Electricians perform a variety of tasks on the electrical systems of buildings and other structures. Their responsibilities range from layout and planning of wiring to installation, troubleshooting and repair of circuits and electrical devices.
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People in this occupation:
Estimated median employment income based on 2021 Job Bank median hourly wage rate (median annual salary = hourly wage rate x 40 (hours per week) x 52.14 (weeks per year))
Note:Estimated median employment income based on 2021 Job Bank median hourly wage rate (median annual salary = hourly wage rate x 40 (hours per week) x 52.14 (weeks per year))
Source: 2021 Job Bank Wage Report
Source: B.C. Labour Market Outlook
10 year expected job openings: 3,740
Electricians perform some or all of the following duties:
Electricians typically work 40 hours per week and may occasionally work overtime. Workers are usually indoors, though the work area can often be noisy and dirty.
Work may take place from heights or in confined spaces, and may require lifting of heavy objects. Safety is a big concern and precautions are followed to reduce the risks of injury from accidental electric shocks and falls from heights.
Source: 2016 Census
To work as an electrician in B.C., it is recommended that a person have completed:
Trade certification for this occupation is voluntary in B.C. However, an employer may require it. There are also electrical installation permit requirements with Technical Safety BC. Find more information at https://www.technicalsafetybc.ca/electrical/electrical-installation-permits.
For more information, please see the Industry Training Authority website at www.itabc.ca.
The electrician apprenticeship requires a combination of work experience and in-school instruction that:
Interprovincial Standards Red Seal certification is available to qualified electricians through the Industry Training Authority.
Workers with 9,000 hours of documented, directly related work experience can challenge the Interprovincial Red Seal examination.
Electricians who are certified for that occupation by a regulator elsewhere in Canada can apply for the same certification from the regulator in B.C. Under the terms of the Canadian Free Trade Agreement (CFTA), most applicants who are transferring their credentials from elsewhere in Canada will not be required to complete additional training or testing. However, the B.C. regulator may ask applicants to provide further information such as a letter of good standing, references, or criminal record check.
For those who trained outside of Canada and never received certification from any Canadian jurisdiction, a full assessment is likely needed. Most occupational regulators have a process for assessment and recognize internationally trained applicants.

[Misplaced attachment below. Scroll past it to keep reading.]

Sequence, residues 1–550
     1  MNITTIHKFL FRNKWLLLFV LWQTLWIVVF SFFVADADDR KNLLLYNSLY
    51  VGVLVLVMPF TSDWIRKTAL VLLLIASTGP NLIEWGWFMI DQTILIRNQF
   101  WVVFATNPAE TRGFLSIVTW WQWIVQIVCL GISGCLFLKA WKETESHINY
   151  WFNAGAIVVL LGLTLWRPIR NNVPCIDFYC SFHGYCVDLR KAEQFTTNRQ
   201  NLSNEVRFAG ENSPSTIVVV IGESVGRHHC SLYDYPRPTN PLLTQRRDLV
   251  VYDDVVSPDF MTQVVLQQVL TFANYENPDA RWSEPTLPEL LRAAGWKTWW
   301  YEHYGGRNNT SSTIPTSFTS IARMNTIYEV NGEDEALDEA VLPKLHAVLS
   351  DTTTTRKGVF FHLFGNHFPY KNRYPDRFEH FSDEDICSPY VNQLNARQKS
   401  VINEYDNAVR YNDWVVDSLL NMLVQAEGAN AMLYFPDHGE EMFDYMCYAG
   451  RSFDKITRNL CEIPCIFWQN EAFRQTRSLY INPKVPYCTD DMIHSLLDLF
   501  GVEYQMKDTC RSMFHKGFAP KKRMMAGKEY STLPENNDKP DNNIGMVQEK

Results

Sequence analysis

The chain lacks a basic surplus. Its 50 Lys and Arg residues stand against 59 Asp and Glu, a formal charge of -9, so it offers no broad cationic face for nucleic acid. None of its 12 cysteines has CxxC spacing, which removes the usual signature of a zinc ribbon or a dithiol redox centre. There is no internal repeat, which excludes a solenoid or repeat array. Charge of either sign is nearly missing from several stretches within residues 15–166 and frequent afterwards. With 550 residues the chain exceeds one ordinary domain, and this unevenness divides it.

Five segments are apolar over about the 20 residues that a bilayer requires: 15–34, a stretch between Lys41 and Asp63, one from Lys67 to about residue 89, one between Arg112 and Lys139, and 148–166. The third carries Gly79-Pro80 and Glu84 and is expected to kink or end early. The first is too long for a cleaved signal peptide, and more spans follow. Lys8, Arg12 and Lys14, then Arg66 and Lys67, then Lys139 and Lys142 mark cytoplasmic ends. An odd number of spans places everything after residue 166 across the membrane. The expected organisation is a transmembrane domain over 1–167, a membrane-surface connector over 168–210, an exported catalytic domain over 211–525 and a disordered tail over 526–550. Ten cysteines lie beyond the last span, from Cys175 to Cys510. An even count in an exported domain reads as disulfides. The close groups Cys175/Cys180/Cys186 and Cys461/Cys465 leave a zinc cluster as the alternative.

Contact the Industry Training Authority of BC for details on how to apply for certification in B.C.
For information about labour mobility in Canada, visit www.workersmobility.ca.
View a list of B.C. occupational regulators.
For more information about programs offered specifically for this career, visit EducationPlannerBC.
Visit our trades training page at www.workbc.ca/trades to learn about apprenticeship and trades training in B.C.
Every job calls for a certain set of skills. Knowing those skills is the first step in finding a good career fit.
Here, you will find the 35 most relevant workplace skills. Some are more important to achieving success in a certain career than others. These skills may come naturally to you or you may need to gain them through education, training and experience.
See the list of work-related skills below, ranked in order of importance for this career. You’ll also find the skill strength needed, letting you know how capable you must be in that skill.
Check out the list and see if this career matches your skills—take that first step!
Demand for these workers depends largely on growth in the Construction industry. Over the last decade, low interest rates and a growing economy resulted in an increase in construction activity in B.C., which led to increased demand for electricians.
Over the next few years, the pace of residential construction is expected to slow, while industrial construction is expected to remain stable. Demand for these workers will remain, despite the shift in construction activity.
In general, those working as maintenance electricians tend to find more stable employment than construction electricians. Employment in the Construction industry is typically project-based, so workers may experience gaps in employment between projects.
Work performed by electricians is expanding to include alternative energy supplies, such as solar power, wind power and fuel cells, wiring for smart homes and automated systems for high-tech industries and complex computer offices. Electricians who specialize in new technologies are expected to be in demand.
As with many trades, apprentices are often chosen from a company's current employees, such as construction labourers. Experienced electricians can advance to supervisory positions as foremen, superintendents, estimators or electrical inspectors. Some experienced electricians may choose to start their own contracting businesses.
Some electricians may also choose to work as industrial electricians. This requires further education and is generally considered to be a lateral change.